UCL Institute of Ophthalmology

Prof Maria Balda

Prof Maria Balda

Professor of Cell Biology

Institute of Ophthalmology

Faculty of Brain Sciences

Joined UCL
1st Jan 2001

Research summary

Epithelial and endothelial cells form selective barriers between compartments of different composition. To perform this function, they have a specialised intercellular junctional complex (tight and adherens junctions, desmosomes and gap junctions). Assembly and disassembly of the junctional complex is tightly regulated during physiological conditions, but is disturbed in pathological situations such as wounds, inflammation, neovascularisation or transformation. Our research interest is to understand the molecular mechanisms through which tight junctions regulate paracellular permeability, cell proliferation and gene expression as well as to find out whether and how the tight junction signalling pathways interact with related signalling pathways triggered by cell-cell and cell-extracellular matrix interactions. Our findings will be used not only to understand physiologically complex processes ranging from tubulogenesis of epithelial and endothelial cells to the development of the eye but also to develop therapeutic tools to reverse pathological conditions such as tumorigenesis and proliferative or degenerative eye diseases.

Teaching summary

2021-          Participation in CARD0006. Cardiovascular Biology Module, UCL.

2014-          Participation in PHOL3016/PHOLG014. Epithelial function in health and disease. Division of Bioscience. UCL.

2012-2020  Deputy in the MSc in Microvascular Biology. Cardiovascular Biology Module, UCL.

2012  The role of cell-cell adhesion in health and disease. Lead two days course.  University of Sevilla, Spain.

2009- 2019 Participation in the MSc in Ocular Cell Biology, Institute of Ophthalmology, UCL.

2004-2005  Learning and Teaching in High Education. Module II: "Towards the develop of the scientist mind".  Education and Professional Development. UCL. 

2002-2004  Participation in the course on Molecular Basis of Disease Pathway. Tight junctions in health and disease. Department of Biology. Imperial College. London.UK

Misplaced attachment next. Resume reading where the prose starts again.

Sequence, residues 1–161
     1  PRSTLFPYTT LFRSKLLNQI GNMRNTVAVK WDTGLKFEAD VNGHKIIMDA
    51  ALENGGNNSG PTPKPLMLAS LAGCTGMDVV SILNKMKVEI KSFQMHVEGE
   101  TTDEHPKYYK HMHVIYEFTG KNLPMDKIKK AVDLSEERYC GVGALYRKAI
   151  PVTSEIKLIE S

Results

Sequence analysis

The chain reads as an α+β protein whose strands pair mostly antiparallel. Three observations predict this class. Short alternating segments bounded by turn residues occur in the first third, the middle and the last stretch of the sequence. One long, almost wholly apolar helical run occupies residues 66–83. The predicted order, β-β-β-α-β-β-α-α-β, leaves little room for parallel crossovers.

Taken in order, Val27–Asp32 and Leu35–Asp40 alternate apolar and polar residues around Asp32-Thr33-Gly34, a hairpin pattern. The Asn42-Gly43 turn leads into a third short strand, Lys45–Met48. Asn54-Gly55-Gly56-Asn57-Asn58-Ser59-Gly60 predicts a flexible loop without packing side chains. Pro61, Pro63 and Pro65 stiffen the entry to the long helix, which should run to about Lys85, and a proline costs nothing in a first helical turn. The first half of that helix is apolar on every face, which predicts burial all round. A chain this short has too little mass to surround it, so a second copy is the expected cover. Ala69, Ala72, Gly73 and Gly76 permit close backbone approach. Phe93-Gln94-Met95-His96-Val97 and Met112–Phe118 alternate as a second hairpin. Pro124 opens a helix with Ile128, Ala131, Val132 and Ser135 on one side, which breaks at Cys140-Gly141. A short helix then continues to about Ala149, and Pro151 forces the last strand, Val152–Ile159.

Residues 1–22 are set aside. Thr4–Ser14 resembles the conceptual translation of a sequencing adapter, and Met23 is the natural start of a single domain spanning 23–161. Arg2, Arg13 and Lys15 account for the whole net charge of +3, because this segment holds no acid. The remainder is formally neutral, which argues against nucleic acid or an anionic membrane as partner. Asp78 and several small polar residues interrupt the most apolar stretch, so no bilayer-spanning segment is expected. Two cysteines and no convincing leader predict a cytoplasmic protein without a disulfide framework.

2002-2003  Learning and Teaching in High Education Programme. Module I: "Exploring Learning". Education and Professional Development. UCL.


University College London
Other Postgraduate qualification (including professional), Certificate in Learning and Teaching in HE Part 2 | 2004
Not stated
Doctorate, Doctor of Philosophy | 1990
Universidad de Buenos Aires
First Degree, Bachelor Biomedical Science (Honours) | 1982


Maria S. Balda graduated from the University of Buenos Aires, Argentina. She has received a Prize for young scientist (under 26) and a Fellowship from the Argentinean and Mexican Council to do her PhD with Marcelino Cereijido at the Centre for Research and Advanced Studies, Mexico, where her passion for the cell-cell junctional complex started. Maria then obtained an Anna Fuller Postdoctoral Fellowship from Yale University, USA, to work with James Anderson. There she contributed to the identification of the sequence of the first tight junction protein, ZO-1, and continued the identification of signal transduction mechanisms that guide tight junction assembly and function. She then moved the University of Geneva, Switzerland, where she collaborated with  Karl Matter to perform the first functional analysis of a tight junction transmembrane protein, occludin.  In 2000, Maria started as Group Leader at University College London’s Institute of Ophthalmology. Maria has identified and characterised different types of novel tight junction proteins. Maria is interested in understanding the molecular mechanisms through which cell-cell junctions are involved in health and disease.  Maria is applying this knowledge to develop therapeutic tools to reverse disease conditions such as proliferative or degenerative eye diseases and tumorigenesis.  Maria is a British Society for Cell Biology committee member, Fellow of the Royal Society of Biology and associate editor of different Journals. Maria’s scientific publications have over 13000 citations; her research career is remarkable indicated by an h-index of 56.